Snake Eagles

Naked Legs

©Shem Compion
Brown snake eagle, note the grey scaled legs

The brown, Circaetus cinereus, and black-chested, Circaetus pectoralis, snake-eagles are common large raptors in the Lowveld and distinguished immediately by their large yellow eyes and square-shaped heads.

Unlike other eagles, the snake-eagles have naked legs, which are covered in robust scales. This is an adaptation to handling snakes as the scales provide some protection from the strikes of snakes inaccurately grasped or not killed on impact.

Snake eagles lead a relatively solitary existence outside of the breeding season.

Head First

The brown snake-eagle is often seen prominently perched at the top of a tree from where it will descend on its prey. It drops onto a snake and crushes its spine with its powerful talons biting at the same time to crush the head. The snake is swallowed head first and may be regurgitated and re-swallowed several times until it is comfortably accommodated in the stomach.

Snake-eagles swallow their prey directly into their stomachs and unlike other birds, they don’t store snakes in their crops first. These eagles do take prey other than snakes including lizards, rodents, insects, birds and even fish and these items may be stored in the crop. Interestingly, the crop (a pre-digestion storage sack in birds) wraps right around the neck of raptors while in other birds it sits in the front of the neck. The black-chested snake-eagle exhibits a great deal of resourcefulness in catching reptiles fleeing fires by aerial perching at the edge of burning areas.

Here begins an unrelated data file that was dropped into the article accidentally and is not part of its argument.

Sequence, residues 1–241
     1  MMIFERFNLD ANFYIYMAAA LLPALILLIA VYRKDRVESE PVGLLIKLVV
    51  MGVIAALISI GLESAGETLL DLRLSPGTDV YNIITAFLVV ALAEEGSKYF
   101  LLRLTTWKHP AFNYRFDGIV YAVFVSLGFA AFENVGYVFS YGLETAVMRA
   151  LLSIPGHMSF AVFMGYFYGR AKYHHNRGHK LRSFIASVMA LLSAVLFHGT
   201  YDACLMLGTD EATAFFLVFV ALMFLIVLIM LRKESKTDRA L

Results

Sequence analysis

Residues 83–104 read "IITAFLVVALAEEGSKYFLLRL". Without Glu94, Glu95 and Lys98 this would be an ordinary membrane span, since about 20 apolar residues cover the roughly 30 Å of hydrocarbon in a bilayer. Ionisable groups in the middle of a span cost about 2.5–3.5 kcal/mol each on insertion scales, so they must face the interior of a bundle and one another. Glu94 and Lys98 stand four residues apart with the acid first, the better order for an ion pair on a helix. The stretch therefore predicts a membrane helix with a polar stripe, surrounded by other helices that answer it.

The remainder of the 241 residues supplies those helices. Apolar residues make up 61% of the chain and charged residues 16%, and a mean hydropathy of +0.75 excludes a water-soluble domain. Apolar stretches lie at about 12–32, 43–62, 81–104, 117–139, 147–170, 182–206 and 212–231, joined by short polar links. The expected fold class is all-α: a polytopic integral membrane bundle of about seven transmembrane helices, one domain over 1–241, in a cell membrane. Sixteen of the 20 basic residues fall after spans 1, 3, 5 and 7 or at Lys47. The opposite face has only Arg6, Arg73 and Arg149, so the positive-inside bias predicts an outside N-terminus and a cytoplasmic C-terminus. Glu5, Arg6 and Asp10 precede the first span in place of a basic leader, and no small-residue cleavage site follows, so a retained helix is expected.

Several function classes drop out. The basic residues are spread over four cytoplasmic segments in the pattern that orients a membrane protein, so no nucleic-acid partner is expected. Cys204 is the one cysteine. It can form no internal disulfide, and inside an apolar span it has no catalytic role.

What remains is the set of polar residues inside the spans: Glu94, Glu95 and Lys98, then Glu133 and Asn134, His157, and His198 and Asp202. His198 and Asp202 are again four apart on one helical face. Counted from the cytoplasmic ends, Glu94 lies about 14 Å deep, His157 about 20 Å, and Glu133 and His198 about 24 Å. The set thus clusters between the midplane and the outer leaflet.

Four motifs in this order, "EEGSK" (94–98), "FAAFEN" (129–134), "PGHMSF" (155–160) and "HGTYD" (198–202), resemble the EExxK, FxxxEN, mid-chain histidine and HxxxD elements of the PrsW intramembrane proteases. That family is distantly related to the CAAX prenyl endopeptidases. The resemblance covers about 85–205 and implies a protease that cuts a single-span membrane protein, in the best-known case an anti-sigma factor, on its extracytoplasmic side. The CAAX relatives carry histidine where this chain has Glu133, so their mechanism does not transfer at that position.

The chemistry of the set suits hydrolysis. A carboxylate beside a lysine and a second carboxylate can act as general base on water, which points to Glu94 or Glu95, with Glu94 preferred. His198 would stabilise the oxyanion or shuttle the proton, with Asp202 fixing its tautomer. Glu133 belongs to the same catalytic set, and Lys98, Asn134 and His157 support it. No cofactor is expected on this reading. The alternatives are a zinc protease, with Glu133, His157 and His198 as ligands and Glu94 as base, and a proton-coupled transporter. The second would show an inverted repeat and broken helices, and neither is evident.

Aerial Perching

©Shem Compion
Black chested snake eagle perching.

The black-chested snake-eagle is an aerial soarer and locates prey on the ground by hovering intermittently, more correctly called aerial perching as true hovering involves the ability to move forward or backwards which the snake-eagle can’t. The black-chested snake-eagle will descend on prey from 450 m up striking a snake behind the head which is crushed in the talons. Snake-eagles that don’t position their grip correctly are at risk of attack and even death by the venomous snakes that they hunt.

Snake-eagles feed their nestling chicks on snakes. These are taken to the nest already swallowed bar a section of the tail which is gripped and pulled by the chick and then swallowed with some contortions of its neck, which is believed to allow the snake to seat itself in the stomach.

By Megan Emmet